I'll never forget what my Grandfather said when I pestered him to tell me, "What was it like growing up during the depression?" He replied, "Oh, things didn't change to much for us. Country people just kept living like they always did." It reminds me of a line in an Alabama song, "Somebody told us Wall Street fell, but we was so poor we couldn't tell." (Song of the South)
I was really disappointed that he didn't have any storeys of starvation and woe. No tales of furniture thrown out on the street as my great grandfather had to sell apples on a corner to scrape together enough cash to buy food for the youngsters. My Grandmother did love to tell me how, "It was just a different way of living." You gardened, raised animals, canned, mended, repaired,...basically they were self-sufficient and wouldn't have considered living any other way.
There were very few things that they bought from outside sources. Of course, as they grew older they too adapted to the more modern way of life. Amazingly enough here we are turning back to take a look at how they lived their lives. We are rediscovering what it means to be self-sufficient. In my case I am attempting to become mostly self-sufficient.
Sometimes I wish my Grandfather were here so I could ask him what he thought about all this. My Grandfather and I had many heated discussions as he was a Democrat and I decided at the age of eight I was a Reagan Republican. Here we have a whole generation where most of us wouldn't know the first thing about caring for ourselves if suddenly food couldn't be delivered to the store. In our case after Katrina we have experienced this. What if the military wasn't there to air drop MRE's and cases of water?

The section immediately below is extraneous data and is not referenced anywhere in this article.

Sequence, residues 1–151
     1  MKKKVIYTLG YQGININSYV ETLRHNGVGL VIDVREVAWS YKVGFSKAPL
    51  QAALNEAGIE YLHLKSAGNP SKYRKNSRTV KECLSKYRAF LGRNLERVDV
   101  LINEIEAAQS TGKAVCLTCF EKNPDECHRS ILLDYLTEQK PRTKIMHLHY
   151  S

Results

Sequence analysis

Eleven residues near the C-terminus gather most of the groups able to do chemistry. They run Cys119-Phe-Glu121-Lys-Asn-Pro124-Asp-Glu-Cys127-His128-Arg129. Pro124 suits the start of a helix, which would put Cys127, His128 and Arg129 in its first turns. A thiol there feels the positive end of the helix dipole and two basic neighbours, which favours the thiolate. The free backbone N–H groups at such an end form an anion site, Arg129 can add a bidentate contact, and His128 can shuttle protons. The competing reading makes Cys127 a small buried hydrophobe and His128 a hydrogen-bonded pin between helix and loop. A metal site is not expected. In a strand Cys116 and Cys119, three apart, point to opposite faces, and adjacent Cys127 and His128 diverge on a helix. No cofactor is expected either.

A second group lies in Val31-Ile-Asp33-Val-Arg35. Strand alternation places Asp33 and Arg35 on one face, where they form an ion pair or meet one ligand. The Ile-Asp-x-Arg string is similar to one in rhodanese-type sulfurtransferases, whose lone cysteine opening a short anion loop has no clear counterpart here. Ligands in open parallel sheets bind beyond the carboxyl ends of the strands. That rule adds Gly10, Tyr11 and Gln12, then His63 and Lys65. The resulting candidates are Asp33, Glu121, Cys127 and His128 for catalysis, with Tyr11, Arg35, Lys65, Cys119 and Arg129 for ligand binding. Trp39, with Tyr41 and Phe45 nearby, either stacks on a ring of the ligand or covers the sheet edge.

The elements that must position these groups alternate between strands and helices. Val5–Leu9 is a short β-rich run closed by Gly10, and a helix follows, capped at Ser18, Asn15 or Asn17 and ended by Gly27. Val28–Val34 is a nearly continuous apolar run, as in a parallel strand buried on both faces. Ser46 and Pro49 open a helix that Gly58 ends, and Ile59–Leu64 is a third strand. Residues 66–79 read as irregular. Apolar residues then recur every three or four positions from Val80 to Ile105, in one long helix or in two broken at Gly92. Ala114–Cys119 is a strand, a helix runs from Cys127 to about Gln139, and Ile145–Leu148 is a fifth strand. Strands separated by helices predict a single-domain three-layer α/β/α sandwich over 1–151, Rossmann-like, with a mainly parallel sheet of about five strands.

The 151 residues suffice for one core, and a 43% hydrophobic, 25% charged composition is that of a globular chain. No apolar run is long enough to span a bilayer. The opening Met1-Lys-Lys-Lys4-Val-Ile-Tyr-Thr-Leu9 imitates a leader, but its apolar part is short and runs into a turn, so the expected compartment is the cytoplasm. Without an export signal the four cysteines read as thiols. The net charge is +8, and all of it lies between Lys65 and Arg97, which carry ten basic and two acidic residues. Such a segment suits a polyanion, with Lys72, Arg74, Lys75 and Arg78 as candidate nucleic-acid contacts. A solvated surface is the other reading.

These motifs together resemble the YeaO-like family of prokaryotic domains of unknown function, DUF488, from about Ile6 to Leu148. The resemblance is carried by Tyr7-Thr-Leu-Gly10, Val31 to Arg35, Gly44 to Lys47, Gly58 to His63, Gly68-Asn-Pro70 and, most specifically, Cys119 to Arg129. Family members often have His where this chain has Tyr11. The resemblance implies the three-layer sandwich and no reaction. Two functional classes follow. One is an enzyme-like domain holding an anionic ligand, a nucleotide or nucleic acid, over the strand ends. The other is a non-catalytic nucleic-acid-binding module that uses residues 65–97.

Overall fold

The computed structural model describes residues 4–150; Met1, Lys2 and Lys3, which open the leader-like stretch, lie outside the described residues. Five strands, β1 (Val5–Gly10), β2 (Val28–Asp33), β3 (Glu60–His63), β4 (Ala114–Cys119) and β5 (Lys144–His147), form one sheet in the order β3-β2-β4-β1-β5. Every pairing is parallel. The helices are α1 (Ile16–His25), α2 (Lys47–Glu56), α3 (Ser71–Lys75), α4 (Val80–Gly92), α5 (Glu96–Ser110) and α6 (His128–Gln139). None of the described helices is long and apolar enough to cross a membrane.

I don't begin to profess I know how we lost all the skills our grandparents took for granted, but I do have some suspicions. We are human and we are all susceptible if not careful to the temptations of humanity- greed, pride, laziness. The idea of something for nothing has always appealed to the basest side of human nature. No other generation has been advertised to like ours. Especially by the credit industry.
Credit companies repeated a lie often enough that now it is believed. I know many really good people who do not believe that life can be lived without debt. I myself have given into that philosophy in the past. Now I know it is possible. We are doing it. At first it was a great trial, but now we are getting the hang of it and it has become habit. If you don't have the money, you do without until you do. This is NOT always easy. Especially in our society of "have now pay later". Pay you do and then some.
We know the Bible says the borrower is a slave to the lender. This is just a basic fact. If you owe someone, they dictate what you must do with your money and time without even telling you. Debt is the greatest inhibitor of self-sufficient living. Debt in my opinion is also the greatest robber of peace.
Maybe I could rewrite the line in that Alabama song, "Somebody told us Wall Street fell, but we weren't in debt so we couldn't tell."